• cover, and there was the diskette sitting on the motherboard. Only then did I notice two or three pieces of plastic sitting next to the monitor. A question or two solved the mystery. The computer had been purchased without a floppy drive, so a cosmetic plastic snap-in strip had been placed over the empty floppy hole. She had pried the strip out with a nail file and shoved the floppy in. I put the case down as a "customer attempted upgrade." A girl from my class (a blonde) once called me and complained that her computer would not boot up anymore. I asked her what she had done. She calmly replied, "Oh, I simply opened the hard disk properties tab and pressed the 'compress' button to increase the capacity. But it was taking too much time, and I got bored, so I shut it off." I worked with an individual who plugged his power strip back into itself and for the life of him could not understand why his system would not turn on. At my high school, a computer science class student was having trouble getting his computer to work. The computer was one of those were the monitor could plug into it for power instead of having the monitor plug directly into the wall. Well, this student's computer had the monitor plugged into the wall, and the computer plugged into itself. • Customer: "My computer won't work. You guys must have broken it when you installed the modem." • Tech Support: "What happens when you turn it on?" • Customer: "It won't turn on anymore!!!!!" • Tech Support: "So you don't see any lights or hear any noise?" • Customer: "I'm telling you it WON'T TURN ON." • Tech Support: "Is it plugged in? • Customer: "OF COURSE it's plugged in, you MORON!" • Tech Support: "When you push the power button it--" • Customer: "Power button? This computer doesn't have a power button." • Tech Support: "Sir, all computers have power buttons. Look at the front of the case, find the word 'power,' and push the button." • Customer: "YOU FIXED IT!! Thanks!!!!" • Customer: "Ok, I've turned the computer off, then on again. It still says, 'Safe to power off, or press any key to reboot'?" • Tech Support: "No, not the monitor switch, the CPU switch." • Customer: "I bought this computer from you two hours ago, and it doesn't work! I want my money back!"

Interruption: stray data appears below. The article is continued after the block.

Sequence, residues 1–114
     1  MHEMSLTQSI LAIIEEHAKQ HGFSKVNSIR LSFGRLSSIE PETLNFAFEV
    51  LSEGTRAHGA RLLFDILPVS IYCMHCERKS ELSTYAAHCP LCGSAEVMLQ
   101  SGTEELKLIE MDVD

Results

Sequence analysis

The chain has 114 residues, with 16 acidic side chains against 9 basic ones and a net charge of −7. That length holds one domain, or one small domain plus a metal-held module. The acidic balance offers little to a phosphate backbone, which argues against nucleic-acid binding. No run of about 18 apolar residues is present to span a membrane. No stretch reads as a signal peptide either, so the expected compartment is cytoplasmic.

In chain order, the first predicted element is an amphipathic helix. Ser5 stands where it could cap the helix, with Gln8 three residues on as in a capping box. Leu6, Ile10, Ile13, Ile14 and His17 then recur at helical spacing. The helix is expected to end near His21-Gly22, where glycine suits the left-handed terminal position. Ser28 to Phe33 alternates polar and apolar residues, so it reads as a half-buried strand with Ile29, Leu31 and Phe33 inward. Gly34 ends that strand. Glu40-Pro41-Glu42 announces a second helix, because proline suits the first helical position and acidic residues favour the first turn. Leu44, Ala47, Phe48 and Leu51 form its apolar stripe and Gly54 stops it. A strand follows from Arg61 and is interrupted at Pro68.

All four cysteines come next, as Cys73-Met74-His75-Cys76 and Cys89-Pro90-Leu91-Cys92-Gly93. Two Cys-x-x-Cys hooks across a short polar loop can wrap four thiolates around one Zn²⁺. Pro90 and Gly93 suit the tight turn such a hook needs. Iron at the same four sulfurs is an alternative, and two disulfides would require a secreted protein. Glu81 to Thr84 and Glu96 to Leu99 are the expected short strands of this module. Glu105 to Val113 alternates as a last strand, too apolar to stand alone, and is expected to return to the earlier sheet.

• • Store Clerk: "Let me see..." So I plugged the computer in and turned it on. I showed him that it was working, then I turned it off. • Store Clerk: "Sir, this computer does work. I'm afraid we can't take it back." • Customer: "How in the world did you turn it on?" • Store Clerk: "I pressed the power switch." • Customer: "You must have pressed something else, because I know for a fact that the power switch doesn't work!" He reached over and pressed the reset button repeatedly. • Customer: "You see?" • Store Clerk: "Sir, that's the reset button. This is the power switch." • Customer: "That's a switch? I thought it was a decoration!" There was a fresh influx of new employees at my place of work, which used Sun workstations. These particular workstations had extremely well hidden power switches, so I was fielding questions about turning on the computers for a few weeks. Most were simply "Where's the stupid power switch?" but one was unique. A new employee came around and said she had a problem turning on her computer. I started to tell her where to find the power switch, but she interrupted me. "Oh no," she said. "I found the switch, but I don't know which way to flip it." A lady in our department bought a new computer but coudn't get it to work. I told her to bring it in, and I'd take a look at it. Next day she dropped it off, and I checked it out. All was fine. She took it home. Next day, she came in and said it still didn't work. I told her to bring the monitor in, thinking maybe it was dead. Next day, same story, no problem with the monitor. When I saw her later, I told her this and that she should take the monitor home and, if it still didn't work, bring everything in. Next day, she dropped by my office with all she had. I set it on the table, plugged everything in, flipped the CPU power switch, and she leaned in real close, wide-eyed. "Wait!!" she exclaimed. "What was that you just did?!?!?" • Tech Support: "Ok, so your monitor is not working, the screen is blank, and no matter what you do it stays blank? Do you see that button on the bottom right hand side of the screen? Press it. . . . Great, talk to you next time!" I do tech support at a computer parts vendor and system builder. I take calls from dealers and other technical professionals. Last week I had a call from a woman who began her call by giving me a long listing of her credentials, beginning with her four years at MIT, covering her ten plus years of service in the tech support departments of various